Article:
As you know vMotion are type of traffic which are only operational when it’s needed. So let’s keep this in mind. We calculate the Network share of every traffic type with vMotion and without vMotion operational. Following are the resource value calculation formula
Formula: (Calculated Resource Share value/Sum of all Resources share value)*Total Network Bandwidth in Mbps)
Case 1: when vMotion traffic is operational (Worst case).
We have our share values VM (100), IPStorage (100), Management (25), vMotion respectively. So put them in the formula.
“VM” Total Share Value = ((100/100+100+25+50)*1000) = 364 Mbps Approximately
“IPStorage” Total Share Value = ((100/100+100+25+50)*1000) = 364 Mbps Approximately
“Management” Total Share Value = ((25/100+100+25+50)*1000) = 90 Mbps Approximately
“vMotion” Total Share Value = ((50/100+100+25+50)*1000) = 182 Mbps Approximately
NOTE: divided 1000 is the value of 1G network in Mbps
Case 2: when vMotion traffic is not operational (Best case).
We have our share values VM (100), IPStorage (100), Management (25), vMotion respectively. When vMotion is not operational them we cannot include his value in the calculation. So put accordingly in the formula.
“VM” Total Share Value = ((100/100+100+25)*1000) = 444 Mbps Approximately
“IPStorage” Total Share Value = ((100/100+100+25)*1000) = 444 Mbps Approximately
“Management” Total Share Value = ((25/100+100+25)*1000) = 112 Mbps Approximately
NOTE: divided 1000 is the value of 1G network in Mbps
How to Configure User Defined network pools?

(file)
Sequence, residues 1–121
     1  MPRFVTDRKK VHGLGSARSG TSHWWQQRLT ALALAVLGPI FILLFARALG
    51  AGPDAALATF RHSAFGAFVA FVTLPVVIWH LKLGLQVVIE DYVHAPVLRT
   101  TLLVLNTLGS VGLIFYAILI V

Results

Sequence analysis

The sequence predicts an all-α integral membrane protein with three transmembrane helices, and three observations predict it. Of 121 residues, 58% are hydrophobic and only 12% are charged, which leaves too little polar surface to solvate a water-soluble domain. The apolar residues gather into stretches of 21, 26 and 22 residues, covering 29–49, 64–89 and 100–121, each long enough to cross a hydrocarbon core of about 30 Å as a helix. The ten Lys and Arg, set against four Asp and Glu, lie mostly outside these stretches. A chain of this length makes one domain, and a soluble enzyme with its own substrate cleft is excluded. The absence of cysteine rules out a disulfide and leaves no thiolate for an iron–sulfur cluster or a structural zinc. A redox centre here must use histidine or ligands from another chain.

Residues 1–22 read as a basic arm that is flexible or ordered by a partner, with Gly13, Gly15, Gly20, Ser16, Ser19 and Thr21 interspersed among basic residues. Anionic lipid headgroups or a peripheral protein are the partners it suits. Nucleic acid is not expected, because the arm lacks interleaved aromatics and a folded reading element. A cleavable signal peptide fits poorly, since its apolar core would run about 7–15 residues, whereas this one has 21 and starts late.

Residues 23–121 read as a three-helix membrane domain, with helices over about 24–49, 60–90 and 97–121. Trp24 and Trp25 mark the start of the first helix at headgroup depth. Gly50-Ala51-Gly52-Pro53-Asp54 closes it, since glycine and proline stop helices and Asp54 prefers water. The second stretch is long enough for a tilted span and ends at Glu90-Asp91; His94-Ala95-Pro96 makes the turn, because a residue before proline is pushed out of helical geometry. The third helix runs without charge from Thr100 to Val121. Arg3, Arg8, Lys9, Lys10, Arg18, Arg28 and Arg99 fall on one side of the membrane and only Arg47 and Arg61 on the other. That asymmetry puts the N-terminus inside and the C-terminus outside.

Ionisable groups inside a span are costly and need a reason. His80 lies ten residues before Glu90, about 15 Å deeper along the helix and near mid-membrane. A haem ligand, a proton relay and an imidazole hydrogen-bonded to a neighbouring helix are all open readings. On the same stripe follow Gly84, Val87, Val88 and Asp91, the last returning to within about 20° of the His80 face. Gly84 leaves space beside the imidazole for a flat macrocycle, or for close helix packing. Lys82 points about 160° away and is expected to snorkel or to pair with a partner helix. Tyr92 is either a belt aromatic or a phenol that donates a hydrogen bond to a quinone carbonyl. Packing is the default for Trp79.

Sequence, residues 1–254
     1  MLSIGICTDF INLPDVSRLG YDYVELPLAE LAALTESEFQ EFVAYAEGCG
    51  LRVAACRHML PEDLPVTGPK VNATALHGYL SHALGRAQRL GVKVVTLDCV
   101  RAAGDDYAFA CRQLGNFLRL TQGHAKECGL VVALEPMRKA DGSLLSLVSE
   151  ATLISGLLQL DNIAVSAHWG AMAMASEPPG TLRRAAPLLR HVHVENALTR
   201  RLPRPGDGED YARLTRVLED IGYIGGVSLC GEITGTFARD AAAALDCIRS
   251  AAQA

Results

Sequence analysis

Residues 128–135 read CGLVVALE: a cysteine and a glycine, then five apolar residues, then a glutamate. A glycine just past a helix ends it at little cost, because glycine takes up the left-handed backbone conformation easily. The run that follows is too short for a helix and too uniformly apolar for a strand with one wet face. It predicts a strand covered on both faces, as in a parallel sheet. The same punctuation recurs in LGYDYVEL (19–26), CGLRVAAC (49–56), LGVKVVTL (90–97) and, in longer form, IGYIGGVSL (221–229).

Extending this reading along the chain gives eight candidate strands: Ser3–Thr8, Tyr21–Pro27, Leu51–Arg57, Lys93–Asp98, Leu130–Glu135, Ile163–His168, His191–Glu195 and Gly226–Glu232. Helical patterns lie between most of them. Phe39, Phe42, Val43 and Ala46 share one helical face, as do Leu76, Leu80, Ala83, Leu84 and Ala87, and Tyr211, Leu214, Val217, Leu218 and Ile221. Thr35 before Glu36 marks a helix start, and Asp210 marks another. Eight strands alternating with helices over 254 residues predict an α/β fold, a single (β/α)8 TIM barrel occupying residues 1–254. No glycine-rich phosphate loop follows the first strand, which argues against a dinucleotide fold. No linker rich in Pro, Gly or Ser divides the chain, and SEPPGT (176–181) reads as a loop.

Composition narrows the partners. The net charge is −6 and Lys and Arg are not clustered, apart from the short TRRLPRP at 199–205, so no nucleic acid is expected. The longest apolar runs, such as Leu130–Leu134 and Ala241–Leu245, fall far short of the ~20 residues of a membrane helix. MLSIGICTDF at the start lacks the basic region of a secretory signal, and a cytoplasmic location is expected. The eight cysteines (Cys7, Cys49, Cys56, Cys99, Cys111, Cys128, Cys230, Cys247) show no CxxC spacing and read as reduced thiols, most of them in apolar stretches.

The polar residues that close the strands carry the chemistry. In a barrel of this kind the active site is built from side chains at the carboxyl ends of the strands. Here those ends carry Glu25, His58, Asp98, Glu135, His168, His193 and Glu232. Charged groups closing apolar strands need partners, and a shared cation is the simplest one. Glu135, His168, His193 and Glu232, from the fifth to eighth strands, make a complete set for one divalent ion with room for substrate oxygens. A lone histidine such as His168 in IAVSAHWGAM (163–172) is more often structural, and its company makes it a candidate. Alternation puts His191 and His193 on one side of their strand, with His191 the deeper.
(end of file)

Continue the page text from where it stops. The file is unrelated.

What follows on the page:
Configure a Network I/O Control to provide High shares for all “Production VMs”, normal to Dev VMs and Low shares for all RND VMs. One portgroup are used for Production VMs, Dev and RND VMs each with named “PG-VM-Prod”, “PG-VM-Dev” and PG-VM-RND respectively. The VLAN ID of each is uniquely assigned from 10 to 15.
Step 1- Define the Resources Pools
To add a User define Resource Pool from Web Client Home-> Networking-> Select your vDS-> Manage -> Resources Allocation-> Click on “+” Sign to add new Resource Pool.
Create the “First Resources Pool” for production VMs. Set a name “Production VMs” and Physical Adapter Shares value to “High”-> Click “Ok”.
Verify your created Resources Pool
Next create the “Second Resources Pool” for Dev VMs. Set a name “Dev VMs” and Physical Adapter Shares value to “Normal”-> Click “Ok”.
Next create the “Third Resources Pool” for RND VMs. Set a name “RND VMs” and Physical Adapter Shares value to “Low”-> Click “Ok”.
Now we have created all the resources pool as we need as per the given example. Let’s look at them once.
From Web Client:
From Classic Client:
Step 2- Assign User defined Resources Pools to Port Groups
If you already have the port groups which you want to use for these user defined resources Pool then assign them the User defined Resource Pools. For sake of this example I already created three Port Groups on my vDS with named “PG-VM-Prod” with VLAN 10 ,”PG-VM-Dev” with VLAN 11 and “PG-VM-RND” with VLAN 12 as given in the example.
You can see it from you Network -> Select you vDS.
Let’s assign them the defined Resource Pools one by one.
Right Click on the any Port Group first-> Choose “Edit Settings”. In my case I choosed “PG-VM-Dev”
In Settings-> General -> “Network Resource pool” Section, Select your user defined Pool from the Drop Down as highlighted.
Similarly assign the other two defined Resource Pool to their respective Port Groups.
Little tip -> Make sure your required VMs are connected to the respective PGs. TO check the VMs connected to a Prot Group -> Click on to the Portgroup-> Related Objects-> Virtual Machines.